AMI (Administrators Appointed) – just in case you didn’t know!

This company has been in voluntary administration since late last year. Prior to its going into administration, the ACCC launched proceedings against it regarding its disclosure in relation to its erectile dysfunction products. Those proceedings are ongoing.

Last week the ACCC obtained an interim injunction ordering the administrators to disclose that the company is in voluntary administration to those dealing with the, and that it should disclose that fact and their belief in its insolvent state when dealing with members of the public who are interested in the company’s product. Furthermore, over the next two weeks it must contact all those with whom it did business since the administration began, and inform them of the VA, and must put a prominent indication on its webpage of the fact of its insolvent status.(See the Press Release from ACCC set out below). The ACCC is concerned that customers will be lured into doing business with the company notwithstanding that, after the second creditors meeting in late July, the company might not be able to fulfil its obligations under those contracts, unless it is rescued through a DOCA.

As the press release states, this shows that just because a company is in administration, it does not mean it is not governed by trade practices law. But what the statement doesn’t discuss is an administrator’s obligation under insolvency legislation.

We refer to the section in Part 5.3A below, which requires a company in administration to state that fact on certain ‘public documents’. The latter is further defined in the Corporations Act. The section and the requirement is well-known as one of the first things to address on appointment as an administrator.

The company’s website is currently advertised on TV . A thorough search of the company’s website ( , this weekend revealed that the fact that the company was in voluntary administration was mentioned in passing, tucked away half way down the narrative on the home page about its products rather than about its finances or corporate governance, and there was nowhere else on the company’s website that would suggest any formal insolvency was taking place in the Australian companies. The ACCC injunction will presumably bring about a change in that regard, as it orders the company to make the administration prominent on the website by the end of this week.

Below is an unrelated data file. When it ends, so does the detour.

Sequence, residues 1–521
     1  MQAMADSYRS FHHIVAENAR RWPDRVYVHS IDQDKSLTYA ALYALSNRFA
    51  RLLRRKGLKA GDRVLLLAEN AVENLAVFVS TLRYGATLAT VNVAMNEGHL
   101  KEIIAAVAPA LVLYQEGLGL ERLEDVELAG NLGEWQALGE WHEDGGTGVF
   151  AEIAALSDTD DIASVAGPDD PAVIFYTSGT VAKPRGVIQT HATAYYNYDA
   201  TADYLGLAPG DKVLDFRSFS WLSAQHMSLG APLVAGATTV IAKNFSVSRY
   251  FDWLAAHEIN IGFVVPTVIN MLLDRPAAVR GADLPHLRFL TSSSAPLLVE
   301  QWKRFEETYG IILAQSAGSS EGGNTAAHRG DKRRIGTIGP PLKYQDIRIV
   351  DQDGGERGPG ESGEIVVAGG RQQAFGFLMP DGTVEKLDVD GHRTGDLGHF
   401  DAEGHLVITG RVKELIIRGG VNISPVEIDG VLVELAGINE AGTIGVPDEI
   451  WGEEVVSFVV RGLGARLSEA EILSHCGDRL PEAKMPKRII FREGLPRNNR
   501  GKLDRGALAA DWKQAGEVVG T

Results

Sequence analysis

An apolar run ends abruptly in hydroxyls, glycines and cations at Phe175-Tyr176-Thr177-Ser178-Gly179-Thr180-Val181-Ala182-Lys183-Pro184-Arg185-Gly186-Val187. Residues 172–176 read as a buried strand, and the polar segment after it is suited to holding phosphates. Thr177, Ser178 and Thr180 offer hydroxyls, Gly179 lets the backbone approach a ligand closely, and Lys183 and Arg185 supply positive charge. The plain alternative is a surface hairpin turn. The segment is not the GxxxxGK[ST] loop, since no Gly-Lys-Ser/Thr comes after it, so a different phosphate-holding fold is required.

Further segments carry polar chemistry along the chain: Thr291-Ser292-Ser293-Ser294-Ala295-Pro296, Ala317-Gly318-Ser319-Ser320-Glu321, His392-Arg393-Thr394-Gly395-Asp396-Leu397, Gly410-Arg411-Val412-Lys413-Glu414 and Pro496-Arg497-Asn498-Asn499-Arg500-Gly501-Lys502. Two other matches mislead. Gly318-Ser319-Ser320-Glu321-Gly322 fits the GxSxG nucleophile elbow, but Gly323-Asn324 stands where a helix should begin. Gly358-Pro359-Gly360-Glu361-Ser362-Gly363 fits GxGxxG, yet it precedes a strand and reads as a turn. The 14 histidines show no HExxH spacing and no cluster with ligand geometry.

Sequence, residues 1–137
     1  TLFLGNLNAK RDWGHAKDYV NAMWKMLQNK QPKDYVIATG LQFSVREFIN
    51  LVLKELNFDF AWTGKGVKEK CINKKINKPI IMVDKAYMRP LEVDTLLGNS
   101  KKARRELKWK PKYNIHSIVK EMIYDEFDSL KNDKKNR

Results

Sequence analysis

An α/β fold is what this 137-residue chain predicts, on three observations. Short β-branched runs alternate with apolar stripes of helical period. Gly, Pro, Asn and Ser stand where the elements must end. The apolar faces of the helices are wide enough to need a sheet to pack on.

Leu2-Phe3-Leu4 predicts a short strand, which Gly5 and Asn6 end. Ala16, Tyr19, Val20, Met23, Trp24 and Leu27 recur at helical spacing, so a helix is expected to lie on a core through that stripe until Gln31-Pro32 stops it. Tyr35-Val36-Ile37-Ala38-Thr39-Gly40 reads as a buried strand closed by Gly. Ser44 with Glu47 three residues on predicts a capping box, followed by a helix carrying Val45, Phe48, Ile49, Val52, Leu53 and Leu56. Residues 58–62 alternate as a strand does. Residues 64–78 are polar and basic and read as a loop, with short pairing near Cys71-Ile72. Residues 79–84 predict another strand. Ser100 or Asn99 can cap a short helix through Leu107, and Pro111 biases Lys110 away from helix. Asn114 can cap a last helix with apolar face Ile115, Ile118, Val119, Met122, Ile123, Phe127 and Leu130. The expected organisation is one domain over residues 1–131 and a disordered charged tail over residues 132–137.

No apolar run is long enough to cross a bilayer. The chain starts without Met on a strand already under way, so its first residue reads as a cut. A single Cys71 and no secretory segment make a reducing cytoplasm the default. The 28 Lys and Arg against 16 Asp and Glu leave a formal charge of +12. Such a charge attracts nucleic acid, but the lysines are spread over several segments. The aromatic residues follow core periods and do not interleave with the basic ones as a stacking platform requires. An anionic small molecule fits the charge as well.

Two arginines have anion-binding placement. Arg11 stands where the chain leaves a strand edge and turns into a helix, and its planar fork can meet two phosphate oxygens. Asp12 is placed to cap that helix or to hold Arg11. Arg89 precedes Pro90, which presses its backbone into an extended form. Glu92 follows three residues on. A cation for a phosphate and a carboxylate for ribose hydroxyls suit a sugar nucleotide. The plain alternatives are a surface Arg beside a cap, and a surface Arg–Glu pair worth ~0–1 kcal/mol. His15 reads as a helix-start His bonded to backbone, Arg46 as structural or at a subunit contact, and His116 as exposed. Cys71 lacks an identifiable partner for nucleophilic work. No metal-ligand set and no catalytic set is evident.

Here is the text from Part 5.3A and the relevant Corporations Act definition of ‘public document’:
“450E Notice in public documents etc. of company
(1) A company under administration must set out, in every public document, and in every negotiable instrument, of the company, after the company’s name where it first appears, the expression (“administrator appointed”).
88A Public document of a body corporate
(1) Subject to this section, public document, in relation to a body, means:
(a) an instrument of, or purporting to be signed, issued or published by or on behalf of, the body that:
(i) when signed, issued or published, is intended to be lodged or is required by or under this Act or the ASIC Act to be lodged; or
(ii) is signed, issued or published under or for the purposes of this Act, the ASIC Act or any other Australian law; or
(b) an instrument of, or purporting to be signed or issued by or on behalf of, the body that is signed or issued in the course of, or for the purposes of, a particular transaction or dealing; or
(c) without limiting paragraph (a) or (b), a business letter, statement of account, invoice, receipt, order for goods, order for services or official notice of, or purporting to be signed or issued by or on behalf of, the body.”

Breach of this provision is a strict liability offence. Unlike the equivalent provision in subsection (2) for Deeds of Company Arrangement, there is no ability for applications to the court for leave to dis-apply the provision. Thus, administrators are bound to apply it s450E in all VAs, on pain of committing an offence.

These days, a company’s website is the place most people go to, particularly, one might think, one might be directed to it if it is advertising erectile dysfunction products. One could argue, as a legal technicality, about whether or not a website is an ‘official notice’, but it is the public face of a company these days, so just as official as any other notice.